Companies looking to own the marketplace interface may focus their budgets on improving presence in mobile app stores. And technology firms that are able to acquire and harness data effectively and have built strong partnerships with banks and other financial services firms could give themselves a huge advantage by creating a native app, pre-downloaded on the phone.

Mobile-only entrant Monzo has been particularly smart in its courting of Apple, building early integrations with Siri® for example, and reaping the reward of being well featured in the App Store®. And Barclays has recently followed suit, launching a feature which allows customers to make mobile payments via Siri®.

The banking sector can learn from other industries in this regard. In a world where switching providers becomes much easier, brands must find new ways to build customer loyalty. The telecoms industry has, for example, seen an explosion in marketing focused on providing tangential benefits for existing customers, such as free weekly coffee or cinema tickets.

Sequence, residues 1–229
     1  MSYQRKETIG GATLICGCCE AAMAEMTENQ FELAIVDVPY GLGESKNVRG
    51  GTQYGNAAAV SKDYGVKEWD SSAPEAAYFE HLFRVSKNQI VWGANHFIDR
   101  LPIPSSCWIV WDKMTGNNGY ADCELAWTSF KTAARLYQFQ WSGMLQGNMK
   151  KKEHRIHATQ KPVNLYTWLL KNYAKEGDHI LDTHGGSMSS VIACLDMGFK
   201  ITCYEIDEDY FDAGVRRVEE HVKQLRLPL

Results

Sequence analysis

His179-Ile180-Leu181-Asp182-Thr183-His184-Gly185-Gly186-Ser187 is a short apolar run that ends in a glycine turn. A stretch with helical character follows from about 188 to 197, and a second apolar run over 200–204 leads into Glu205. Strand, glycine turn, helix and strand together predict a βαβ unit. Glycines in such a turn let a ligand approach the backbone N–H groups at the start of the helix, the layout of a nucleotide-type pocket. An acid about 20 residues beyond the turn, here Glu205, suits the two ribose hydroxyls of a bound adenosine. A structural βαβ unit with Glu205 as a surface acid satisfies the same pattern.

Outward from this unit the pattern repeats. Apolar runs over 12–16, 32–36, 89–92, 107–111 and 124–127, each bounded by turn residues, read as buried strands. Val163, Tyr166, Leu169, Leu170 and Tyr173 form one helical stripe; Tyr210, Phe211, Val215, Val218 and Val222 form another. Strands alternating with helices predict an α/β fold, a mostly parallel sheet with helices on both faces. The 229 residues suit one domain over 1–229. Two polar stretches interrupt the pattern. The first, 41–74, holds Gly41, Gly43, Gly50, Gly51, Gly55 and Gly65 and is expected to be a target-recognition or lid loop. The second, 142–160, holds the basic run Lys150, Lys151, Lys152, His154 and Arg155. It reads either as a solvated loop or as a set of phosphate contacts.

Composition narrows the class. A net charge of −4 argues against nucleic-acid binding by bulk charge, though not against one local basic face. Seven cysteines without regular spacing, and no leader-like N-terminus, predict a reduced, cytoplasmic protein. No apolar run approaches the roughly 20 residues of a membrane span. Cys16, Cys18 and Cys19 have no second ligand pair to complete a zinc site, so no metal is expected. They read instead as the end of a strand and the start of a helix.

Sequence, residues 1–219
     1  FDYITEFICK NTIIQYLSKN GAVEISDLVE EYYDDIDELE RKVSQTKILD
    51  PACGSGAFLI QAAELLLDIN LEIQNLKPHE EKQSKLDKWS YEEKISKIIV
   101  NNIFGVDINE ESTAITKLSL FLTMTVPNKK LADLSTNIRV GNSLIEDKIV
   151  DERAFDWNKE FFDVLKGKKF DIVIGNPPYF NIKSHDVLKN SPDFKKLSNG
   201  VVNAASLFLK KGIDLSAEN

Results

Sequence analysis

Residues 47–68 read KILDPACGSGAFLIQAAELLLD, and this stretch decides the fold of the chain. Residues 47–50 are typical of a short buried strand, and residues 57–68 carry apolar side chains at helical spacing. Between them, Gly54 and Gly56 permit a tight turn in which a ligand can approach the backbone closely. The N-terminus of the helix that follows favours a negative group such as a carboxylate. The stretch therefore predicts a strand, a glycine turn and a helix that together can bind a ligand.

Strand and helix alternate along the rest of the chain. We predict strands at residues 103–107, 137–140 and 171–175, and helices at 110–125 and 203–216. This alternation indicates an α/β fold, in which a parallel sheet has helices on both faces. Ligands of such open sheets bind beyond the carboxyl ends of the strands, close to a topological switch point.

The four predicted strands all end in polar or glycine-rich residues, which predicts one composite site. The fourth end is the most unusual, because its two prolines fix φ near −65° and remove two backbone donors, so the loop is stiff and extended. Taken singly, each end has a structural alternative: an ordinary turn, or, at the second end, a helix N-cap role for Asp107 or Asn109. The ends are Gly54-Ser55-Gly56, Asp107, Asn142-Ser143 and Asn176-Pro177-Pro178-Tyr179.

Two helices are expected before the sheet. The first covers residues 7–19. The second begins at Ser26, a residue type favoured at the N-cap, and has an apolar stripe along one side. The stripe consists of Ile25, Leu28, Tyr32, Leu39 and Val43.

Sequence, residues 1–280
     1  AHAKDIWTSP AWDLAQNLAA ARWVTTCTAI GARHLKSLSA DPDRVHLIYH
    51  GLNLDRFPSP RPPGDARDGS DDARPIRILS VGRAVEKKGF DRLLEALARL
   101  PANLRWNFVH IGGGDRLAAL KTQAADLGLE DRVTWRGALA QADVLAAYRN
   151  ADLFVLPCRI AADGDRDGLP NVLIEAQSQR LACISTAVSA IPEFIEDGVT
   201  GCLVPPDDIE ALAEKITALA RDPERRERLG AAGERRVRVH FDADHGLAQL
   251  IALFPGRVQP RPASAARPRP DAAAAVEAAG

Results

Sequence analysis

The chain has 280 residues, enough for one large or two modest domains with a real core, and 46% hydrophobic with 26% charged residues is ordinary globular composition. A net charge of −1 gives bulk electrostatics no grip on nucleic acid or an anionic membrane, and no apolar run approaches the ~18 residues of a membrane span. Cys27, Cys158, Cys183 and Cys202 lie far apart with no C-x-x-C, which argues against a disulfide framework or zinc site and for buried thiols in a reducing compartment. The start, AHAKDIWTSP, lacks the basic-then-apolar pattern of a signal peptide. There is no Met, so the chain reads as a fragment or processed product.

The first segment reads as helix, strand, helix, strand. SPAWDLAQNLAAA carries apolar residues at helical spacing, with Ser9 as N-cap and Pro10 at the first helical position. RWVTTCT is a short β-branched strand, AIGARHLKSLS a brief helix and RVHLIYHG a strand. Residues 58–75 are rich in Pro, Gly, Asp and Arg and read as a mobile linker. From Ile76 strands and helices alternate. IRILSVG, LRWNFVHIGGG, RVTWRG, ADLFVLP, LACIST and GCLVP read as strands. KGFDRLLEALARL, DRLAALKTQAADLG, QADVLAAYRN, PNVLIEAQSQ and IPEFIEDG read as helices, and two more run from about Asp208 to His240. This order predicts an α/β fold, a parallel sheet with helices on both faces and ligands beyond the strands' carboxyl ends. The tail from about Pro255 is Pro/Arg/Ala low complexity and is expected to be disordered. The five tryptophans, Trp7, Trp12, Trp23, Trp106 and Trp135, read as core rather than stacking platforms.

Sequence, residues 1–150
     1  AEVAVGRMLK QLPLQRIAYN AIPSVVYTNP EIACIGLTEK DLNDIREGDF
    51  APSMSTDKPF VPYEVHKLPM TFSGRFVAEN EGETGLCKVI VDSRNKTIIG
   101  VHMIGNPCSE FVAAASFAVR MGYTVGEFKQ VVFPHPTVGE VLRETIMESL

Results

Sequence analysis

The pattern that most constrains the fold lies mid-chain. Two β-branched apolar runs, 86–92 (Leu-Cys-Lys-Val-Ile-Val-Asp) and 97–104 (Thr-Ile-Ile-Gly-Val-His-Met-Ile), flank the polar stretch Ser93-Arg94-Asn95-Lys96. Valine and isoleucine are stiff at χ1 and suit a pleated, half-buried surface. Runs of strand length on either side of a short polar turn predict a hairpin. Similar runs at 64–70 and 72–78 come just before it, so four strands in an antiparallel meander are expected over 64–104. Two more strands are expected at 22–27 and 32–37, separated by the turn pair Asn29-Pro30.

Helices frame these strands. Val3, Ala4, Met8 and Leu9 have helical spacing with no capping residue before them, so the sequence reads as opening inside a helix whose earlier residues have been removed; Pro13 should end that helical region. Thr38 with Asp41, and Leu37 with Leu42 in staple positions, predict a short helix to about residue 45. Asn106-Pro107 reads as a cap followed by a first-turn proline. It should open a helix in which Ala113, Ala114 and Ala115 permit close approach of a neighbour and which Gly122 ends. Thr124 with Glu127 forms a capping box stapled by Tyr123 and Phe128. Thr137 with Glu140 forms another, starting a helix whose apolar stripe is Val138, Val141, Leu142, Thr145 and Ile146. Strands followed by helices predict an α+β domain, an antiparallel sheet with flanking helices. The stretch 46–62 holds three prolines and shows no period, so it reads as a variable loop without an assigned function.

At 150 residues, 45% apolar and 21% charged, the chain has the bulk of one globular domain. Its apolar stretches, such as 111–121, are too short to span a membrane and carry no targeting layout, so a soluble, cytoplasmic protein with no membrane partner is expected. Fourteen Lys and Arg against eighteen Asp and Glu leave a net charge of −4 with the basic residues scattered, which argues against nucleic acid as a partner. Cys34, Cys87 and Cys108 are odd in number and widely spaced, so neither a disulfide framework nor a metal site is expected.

Such perks, however, can only realistically be delivered by organisations that already have large customer bases, owing to which they can secure deals and promotions that offer genuine value.

Who will win?

One thing is clear: the bank of the future will not succeed without a smart, cost-effective acquisition strategy, whilst also delivering trust and awareness.

At first glance, it might feel as if big brands (banks or otherwise) with existing customer bases and trust already established have an insurmountable advantage. But we shouldn't under-estimate the fact that new, largely-untested marketing techniques may be more quickly employed by nimble start-ups.

An unknown brand might just rack up a few million downloads before incumbents even realise how they did it.

The App Store and Siri are trademarks of Apple Inc., registered in the U.S. and other countries.

Footnotes

1 The Top Advertisers in the UK in 2016, Adbrands.net. See also: https://www.adbrands.net/uk/index.html

The content of this article is intended to provide a general guide to the subject matter. Specialist advice should be sought about your specific circumstances.